The right to host the America East Baseball Championship has always been hotly contested and coveted.
The team that earns the privilege gets to play on its home field, sleep in its own beds and play in front of hometown fans.
This spring, Binghamton University in Vestal, N.Y., will enjoy those luxuries after wrapping up its fourth consecutive America East regular-season title. The Bearcats will entertain No. 2 Maine, No. 3 Stony Brook and fourth-seeded Albany at Varsity Field for the four-team, double-elimination tournament that begins Wednesday.
However, things will be slightly different this time around.
For the first time in the history of the conference tournament, there will be no night games.
In stark contrast, last year’s championship hosted by Binghamton — at Union-Endicott High School in nearby Endicott, N.Y. — finished at 3:06 a.m. on a Sunday. The title game lasted five hours, 21 minutes.
America East coaches voted last July to eliminate the prerequisite of having a lighted facility in order to host the tournament. That change in policy served to open the door for any of the remaining six teams to potentially host the tournament.
UMaine coach Steve Trimper, whose team plays at one of only two America East on-campus facilities with lights (the University of Maryland Baltimore County is the other), voted against the measure. Still, he doesn’t blame his coaching peers for wanting the opportunity to host.
“I have absolutely no problem with that, as long as you have a suitable facility,” said Trimper, whose program is blessed with lights and turf at Mahaney Diamond in Orono. “I really still firmly believe you need lights or lights and turf to combat [inclement] weather.”
The Black Bears have not hosted the tournament since 2004. Since then, Vermont (2005, ’06), Stony Brook (2007, ’08) and Binghamton (2009,’10) have held the event.
Earlier this year, Binghamton announced a multimillion-dollar project to build a lighted baseball field, complete with artificial turf. However, it isn’t scheduled to be completed until 2012.
This spring will mark the first time since 2006 a team has hosted the tournament on its home field.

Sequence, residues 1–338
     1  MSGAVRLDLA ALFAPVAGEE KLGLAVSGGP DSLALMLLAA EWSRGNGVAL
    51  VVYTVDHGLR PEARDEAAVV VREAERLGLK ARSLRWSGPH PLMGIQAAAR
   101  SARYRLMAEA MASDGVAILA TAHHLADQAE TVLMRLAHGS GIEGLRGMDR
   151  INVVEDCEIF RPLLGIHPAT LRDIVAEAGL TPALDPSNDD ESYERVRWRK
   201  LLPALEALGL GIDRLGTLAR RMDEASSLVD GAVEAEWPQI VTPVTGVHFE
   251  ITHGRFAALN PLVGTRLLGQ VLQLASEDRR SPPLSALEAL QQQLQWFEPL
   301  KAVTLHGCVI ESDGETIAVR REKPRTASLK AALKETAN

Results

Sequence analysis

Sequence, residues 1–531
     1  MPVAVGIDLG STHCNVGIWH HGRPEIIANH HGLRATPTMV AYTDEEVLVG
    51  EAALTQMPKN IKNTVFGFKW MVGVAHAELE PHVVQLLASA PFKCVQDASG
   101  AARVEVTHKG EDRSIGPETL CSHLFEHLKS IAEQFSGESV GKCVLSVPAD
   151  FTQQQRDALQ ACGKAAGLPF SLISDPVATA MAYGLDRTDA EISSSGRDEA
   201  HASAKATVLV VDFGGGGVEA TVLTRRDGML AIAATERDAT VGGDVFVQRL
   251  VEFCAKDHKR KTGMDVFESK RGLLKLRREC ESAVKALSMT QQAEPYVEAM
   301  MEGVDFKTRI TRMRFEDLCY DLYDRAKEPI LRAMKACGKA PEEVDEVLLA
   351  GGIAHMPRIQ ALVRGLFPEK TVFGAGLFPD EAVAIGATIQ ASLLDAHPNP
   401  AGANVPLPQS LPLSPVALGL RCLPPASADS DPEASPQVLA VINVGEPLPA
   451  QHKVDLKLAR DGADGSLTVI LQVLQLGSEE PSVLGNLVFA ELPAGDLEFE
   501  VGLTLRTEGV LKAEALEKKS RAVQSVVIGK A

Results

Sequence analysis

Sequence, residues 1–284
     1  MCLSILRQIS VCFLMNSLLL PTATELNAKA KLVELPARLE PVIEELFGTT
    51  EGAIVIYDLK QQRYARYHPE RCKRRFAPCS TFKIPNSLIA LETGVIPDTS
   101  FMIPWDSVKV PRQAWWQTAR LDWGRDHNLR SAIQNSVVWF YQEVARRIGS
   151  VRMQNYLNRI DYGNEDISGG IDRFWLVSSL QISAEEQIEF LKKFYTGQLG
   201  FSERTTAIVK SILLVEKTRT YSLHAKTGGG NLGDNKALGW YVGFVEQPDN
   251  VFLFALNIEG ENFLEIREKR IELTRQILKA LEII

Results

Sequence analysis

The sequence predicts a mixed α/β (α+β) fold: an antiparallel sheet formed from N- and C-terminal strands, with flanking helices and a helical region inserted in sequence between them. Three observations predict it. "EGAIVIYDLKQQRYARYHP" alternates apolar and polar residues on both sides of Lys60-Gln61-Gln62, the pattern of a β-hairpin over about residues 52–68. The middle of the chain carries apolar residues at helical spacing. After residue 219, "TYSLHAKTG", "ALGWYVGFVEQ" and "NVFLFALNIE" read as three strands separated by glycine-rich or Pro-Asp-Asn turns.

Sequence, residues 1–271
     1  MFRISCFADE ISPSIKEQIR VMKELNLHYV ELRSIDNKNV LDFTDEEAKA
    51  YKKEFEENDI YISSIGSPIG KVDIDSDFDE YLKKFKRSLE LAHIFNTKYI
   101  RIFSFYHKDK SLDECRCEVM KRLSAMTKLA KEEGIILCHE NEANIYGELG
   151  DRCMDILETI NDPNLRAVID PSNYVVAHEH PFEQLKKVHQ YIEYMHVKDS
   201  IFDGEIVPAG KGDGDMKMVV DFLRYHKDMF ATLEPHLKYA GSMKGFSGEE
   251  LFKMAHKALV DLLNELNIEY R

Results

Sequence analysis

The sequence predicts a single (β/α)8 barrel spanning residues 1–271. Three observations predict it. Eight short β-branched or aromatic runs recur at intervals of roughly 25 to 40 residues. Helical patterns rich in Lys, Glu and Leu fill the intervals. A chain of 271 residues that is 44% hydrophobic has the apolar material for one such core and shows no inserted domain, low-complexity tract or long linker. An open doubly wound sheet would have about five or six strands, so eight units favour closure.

America East baseball coaches had to make a couple of important concessions in order to play without the benefit of a lighted field.
“The only way around that was to move the tournament up to Wednesday, which gives you an extra day to play in case you have rain,” Trimper said.
Last year, Binghamton was able to host the tournament because it could procure the use of the lighted high school field.
Trimper said the other dynamic caused by the scheduling change is the potential for physically taxing teams’ Game 1 starters. With Binghamton and Stony Brook battling for first place last Friday, Bearcats ace James Giulietti and Seahawks top starter Nick Tropeano both pitched at least six innings.
“They not only went on short rest last week, because they pitched Saturday and they came back to pitch Friday, they’re going to pitch on four days’ rest into the opening round and they haven’t done that all year,” Trimper explained.
He would not put his top pitcher in that position. This season, it turns out he doesn’t have to.
“Forcing your No. 1 to come back on four days’ rest, our guys can’t do that.”
Having wrapped up its postseason berth prior to its May 15 game against Albany, and closing out the regular season Friday and Saturday at struggling UMBC, UMaine was able to rest some of its starting pitchers and get needed work for others.
At UMBC, the Bears utilized 11 different pitchers over the 32 innings. Only closer Justin Latta (five innings) pitched in more than one game and only three worked more than three innings.
Freshman righthander Jeff Gibbs is the Bears’ No. 1 starter. Neither he nor freshman Steve Perakslis pitched in Baltimore, which means they will have had 11 days between appearances.
“I think the advantage is, guys that we sat last weekend, they’re going to be on a little more extended rest,” Trimper said.
UMaine hopes it can take advantage of a fresh staff during the tournament.